Despite his reputation, Garrison's influence was restricted to New England (where it was not unchallenged), and his brand of immediatism was never the majority view. When the main thrust of abolition after 1840 turned political, pointing toward the Free Soil and Republican parties, Garrison remained outside, and in terms of practical accomplishment, others did more than he. Yet it was Garrison who became the general symbol of abolitionism. He was influential in relating it to issues of free speech, free press, and the rights of assembly and petition and to the powerful religious evangelism of the times. In his harsh and tactless way, he forced popular awareness of the gap between what the Declaration of Independence and the Constitution said and what the nation did, constantly challenging the country to put its ideals into practice.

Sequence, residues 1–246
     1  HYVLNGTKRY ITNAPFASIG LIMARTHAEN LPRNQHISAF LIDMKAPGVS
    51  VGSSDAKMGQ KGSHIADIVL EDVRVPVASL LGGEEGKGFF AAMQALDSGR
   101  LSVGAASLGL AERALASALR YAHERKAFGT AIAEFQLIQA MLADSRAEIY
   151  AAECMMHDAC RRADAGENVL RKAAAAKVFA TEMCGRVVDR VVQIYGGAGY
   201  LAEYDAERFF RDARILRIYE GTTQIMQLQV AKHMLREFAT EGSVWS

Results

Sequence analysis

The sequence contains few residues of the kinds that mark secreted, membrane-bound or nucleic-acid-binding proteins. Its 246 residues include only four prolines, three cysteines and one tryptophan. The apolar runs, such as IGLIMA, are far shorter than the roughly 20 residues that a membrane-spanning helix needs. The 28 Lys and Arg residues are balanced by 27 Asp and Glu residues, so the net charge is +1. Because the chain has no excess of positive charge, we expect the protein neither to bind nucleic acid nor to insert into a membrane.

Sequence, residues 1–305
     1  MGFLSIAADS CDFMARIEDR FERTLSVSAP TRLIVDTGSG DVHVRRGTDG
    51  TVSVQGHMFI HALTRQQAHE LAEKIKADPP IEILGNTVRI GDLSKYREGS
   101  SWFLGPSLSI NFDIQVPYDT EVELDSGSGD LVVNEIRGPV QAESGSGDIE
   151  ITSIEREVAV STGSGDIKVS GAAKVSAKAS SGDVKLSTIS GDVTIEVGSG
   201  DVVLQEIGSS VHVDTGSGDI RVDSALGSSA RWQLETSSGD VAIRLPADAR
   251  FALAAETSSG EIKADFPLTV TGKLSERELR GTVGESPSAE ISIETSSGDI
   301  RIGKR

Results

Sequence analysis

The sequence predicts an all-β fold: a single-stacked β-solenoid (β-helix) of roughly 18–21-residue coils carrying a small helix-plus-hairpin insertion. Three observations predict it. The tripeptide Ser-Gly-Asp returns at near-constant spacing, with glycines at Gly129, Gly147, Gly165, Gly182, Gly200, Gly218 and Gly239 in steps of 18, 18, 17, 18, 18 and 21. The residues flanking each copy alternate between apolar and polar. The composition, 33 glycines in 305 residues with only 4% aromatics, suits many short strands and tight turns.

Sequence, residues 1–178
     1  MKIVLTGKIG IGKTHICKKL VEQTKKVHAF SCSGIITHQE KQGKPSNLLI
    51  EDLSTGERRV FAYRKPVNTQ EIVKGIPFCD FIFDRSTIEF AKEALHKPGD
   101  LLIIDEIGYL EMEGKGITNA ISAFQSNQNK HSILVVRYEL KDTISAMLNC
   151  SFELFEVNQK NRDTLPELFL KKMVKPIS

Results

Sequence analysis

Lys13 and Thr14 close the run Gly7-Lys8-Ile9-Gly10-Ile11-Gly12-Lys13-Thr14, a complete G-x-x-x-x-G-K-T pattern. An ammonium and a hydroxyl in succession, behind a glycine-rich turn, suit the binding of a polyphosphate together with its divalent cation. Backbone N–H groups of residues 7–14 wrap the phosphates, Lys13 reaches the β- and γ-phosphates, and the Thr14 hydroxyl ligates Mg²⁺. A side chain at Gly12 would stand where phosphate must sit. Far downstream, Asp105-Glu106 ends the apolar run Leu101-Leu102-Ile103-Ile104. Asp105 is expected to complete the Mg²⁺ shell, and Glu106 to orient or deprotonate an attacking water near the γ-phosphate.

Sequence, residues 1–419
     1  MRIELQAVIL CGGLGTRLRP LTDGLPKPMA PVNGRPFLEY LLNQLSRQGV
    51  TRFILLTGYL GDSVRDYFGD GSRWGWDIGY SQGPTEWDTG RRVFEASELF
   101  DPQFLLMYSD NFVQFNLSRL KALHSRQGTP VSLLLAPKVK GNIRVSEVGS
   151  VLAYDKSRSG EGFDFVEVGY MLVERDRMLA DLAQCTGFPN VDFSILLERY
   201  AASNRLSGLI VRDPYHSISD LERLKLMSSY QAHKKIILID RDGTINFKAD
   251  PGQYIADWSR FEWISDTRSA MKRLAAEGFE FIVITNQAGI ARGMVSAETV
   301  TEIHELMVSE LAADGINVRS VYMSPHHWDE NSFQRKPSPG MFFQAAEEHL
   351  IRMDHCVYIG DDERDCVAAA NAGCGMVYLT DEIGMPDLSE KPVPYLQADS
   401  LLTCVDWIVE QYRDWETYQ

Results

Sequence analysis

Further Reading on William Lloyd Garrison
The biography written by Garrison's sons, Wendell Phillips Garrison and Francis Jackson Garrison, William Lloyd Garrison (4 vols., 1885-1889), though not wholly trustworthy, is essential. Oliver Johnson, William Lloyd Garrison and His Times, with an introduction by John Greenleaf Whittier (1880), is unduly admiring. Ralph Korngold's study of Wendell Phillips and Garrison, Two Friends of Man (1950), is excellent. Russel B. Nye, William Lloyd Garrison and the Humanitarian Reformers (1955), is a useful short biography. Walter M. Merrill, Against Wind and Tide (1963), and John L. Thomas, The Liberator: William Lloyd Garrison (1963), are good recent studies. George M. Fredrickson, ed., William Lloyd Garrison (1968), is a three-part work comprising a selection of Garrison's writings, articles expressing opinions of him by his contemporaries, and articles by modern writers appraising his work.